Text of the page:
Many Animal Species May Be Vulnerable to SARS-CoV-2

Researchers hope study results will help protect at-risk species.

Western lowland gorilla
The Western lowland gorilla is predicted to be at very high risk of infection by SARS-CoV-2.

Skip Brown / Smithsonian’s National Zoo and Conservation Biology Institute

Humans aren't the only species that may be susceptible to SARS-CoV-2, the coronavirus that causes COVID-19, reports a new study from the University of California, Davis.

Using genomic analysis, an international team of researchers focused on angiotensin converting enzyme-2, or ACE2, a protein that is found on many cells and tissues. In humans, 25 of the amino acids in ACE2 are key for the virus to infect cells. Scientists compared ACE2 in 410 different vertebrate species, including amphibians, birds, fish, mammals, and reptiles.

They modeled predicted protein structure of those amino acid sequences along with the SARS-CoV-2 spike protein to analyze the number of those amino acids found in the ACE2 protein of the various species.

Animals that had all 25 amino acids matching the human protein are predicted to have the highest risk for contracting the virus with the risk predicted to decrease the more the ACE2 differs from humans, researchers said.

The results were published in the journal Proceedings of the National Academy of Sciences.

“The data provide an important starting point for identifying vulnerable and threatened animal populations at risk of SARS-CoV-2 infection,” Harris Lewin, lead author for the study and a distinguished professor of evolution and ecology at UC Davis, said in a statement. “We hope it inspires practices that protect both animal and human health during the pandemic.”

Endangered Species and Household Pets

some of the animals predicted to be at high risk of infection
Old World primates and great apes are predicted to be at high risk of infection.  Matt Verdolivo / UC Davis

Many of species potentially susceptible to the virus face dwindling population numbers. The Western lowland gorilla, Sumatran orangutan, and Northern white-cheeked gibbon are all critically endangered, according to the International Union for the Conservation of Nature (IUCN) Red List. They are predicted to be at very high risk of infection by SARS-CoV-2, according to the study.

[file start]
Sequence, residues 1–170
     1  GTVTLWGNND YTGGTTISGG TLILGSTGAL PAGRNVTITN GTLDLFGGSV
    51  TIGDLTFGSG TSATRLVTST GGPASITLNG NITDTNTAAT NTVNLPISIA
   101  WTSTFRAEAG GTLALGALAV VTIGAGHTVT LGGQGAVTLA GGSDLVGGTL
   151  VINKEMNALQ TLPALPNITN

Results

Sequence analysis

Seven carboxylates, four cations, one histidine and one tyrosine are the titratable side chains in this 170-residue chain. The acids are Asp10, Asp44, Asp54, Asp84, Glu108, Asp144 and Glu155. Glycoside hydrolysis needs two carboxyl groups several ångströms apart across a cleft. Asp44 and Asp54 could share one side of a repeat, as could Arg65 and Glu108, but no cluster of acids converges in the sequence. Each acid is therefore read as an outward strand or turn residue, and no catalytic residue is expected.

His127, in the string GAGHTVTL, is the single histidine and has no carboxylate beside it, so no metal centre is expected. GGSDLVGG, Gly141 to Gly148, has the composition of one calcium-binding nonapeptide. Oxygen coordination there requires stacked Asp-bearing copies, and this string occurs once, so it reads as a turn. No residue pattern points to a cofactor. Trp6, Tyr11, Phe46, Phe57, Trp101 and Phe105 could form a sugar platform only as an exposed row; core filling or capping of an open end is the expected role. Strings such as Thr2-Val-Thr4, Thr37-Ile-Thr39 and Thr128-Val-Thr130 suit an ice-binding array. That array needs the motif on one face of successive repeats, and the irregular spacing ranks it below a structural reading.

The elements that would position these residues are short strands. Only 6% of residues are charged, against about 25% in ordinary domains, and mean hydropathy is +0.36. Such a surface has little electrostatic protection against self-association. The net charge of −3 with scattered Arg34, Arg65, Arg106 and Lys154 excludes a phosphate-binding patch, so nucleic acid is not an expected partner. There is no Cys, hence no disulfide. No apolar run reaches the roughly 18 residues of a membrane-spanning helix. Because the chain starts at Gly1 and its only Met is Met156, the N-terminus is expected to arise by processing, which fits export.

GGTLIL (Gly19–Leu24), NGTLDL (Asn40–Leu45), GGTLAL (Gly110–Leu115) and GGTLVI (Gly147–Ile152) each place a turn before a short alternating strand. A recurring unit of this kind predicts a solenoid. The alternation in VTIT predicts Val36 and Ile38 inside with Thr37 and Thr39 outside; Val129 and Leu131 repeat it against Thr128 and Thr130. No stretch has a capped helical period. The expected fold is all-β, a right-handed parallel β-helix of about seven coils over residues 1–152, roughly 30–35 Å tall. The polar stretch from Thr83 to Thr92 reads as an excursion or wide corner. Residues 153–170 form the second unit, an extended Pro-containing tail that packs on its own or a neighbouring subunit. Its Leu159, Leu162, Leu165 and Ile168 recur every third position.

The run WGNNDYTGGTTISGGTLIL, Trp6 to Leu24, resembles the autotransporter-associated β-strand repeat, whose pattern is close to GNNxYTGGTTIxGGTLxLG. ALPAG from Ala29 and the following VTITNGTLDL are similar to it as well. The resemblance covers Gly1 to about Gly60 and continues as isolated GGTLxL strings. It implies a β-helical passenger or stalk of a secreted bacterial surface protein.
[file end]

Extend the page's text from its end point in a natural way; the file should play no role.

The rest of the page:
About 40% of the species potentially at risk are classified as "threatened" by the IUCN.

Other animals noted as high risk include white-tailed deer, bottlenose dolphins, giant anteaters, and Chinese hamsters.

Domestic animals, including dogs and cats, were found in the study to have a medium risk. There have already been documented cases of dogs and cats, as well as lions and tigers, and mink.

In many of these cases, researchers believed that the animals contracted coronavirus from humans. Because of the possibility of zoonotic transmission (when a disease is spread from animals to humans or vice versa), researchers and scientists at zoos are strengthening protocols to protect both animals and the humans who care for them.

“Zoonotic diseases and how to prevent human to animal transmission is not a new challenge to zoos and animal care professionals,” said co-author Klaus-Peter Koepfli, senior research scientist at Smithsonian-Mason School of Conservation and former conservation biologist with the Smithsonian Conservation Biology Institute’s Center for Species Survival and Center for Conservation Genomics. “This new information allows us to focus our efforts and plan accordingly to keep animals and humans safe.”

The study authors caution that more research is necessary to confirm the actual risks and warn against over-interpreting the results based only on the computational results. You can see the entire list of animals here. (Click on the "data" tab.)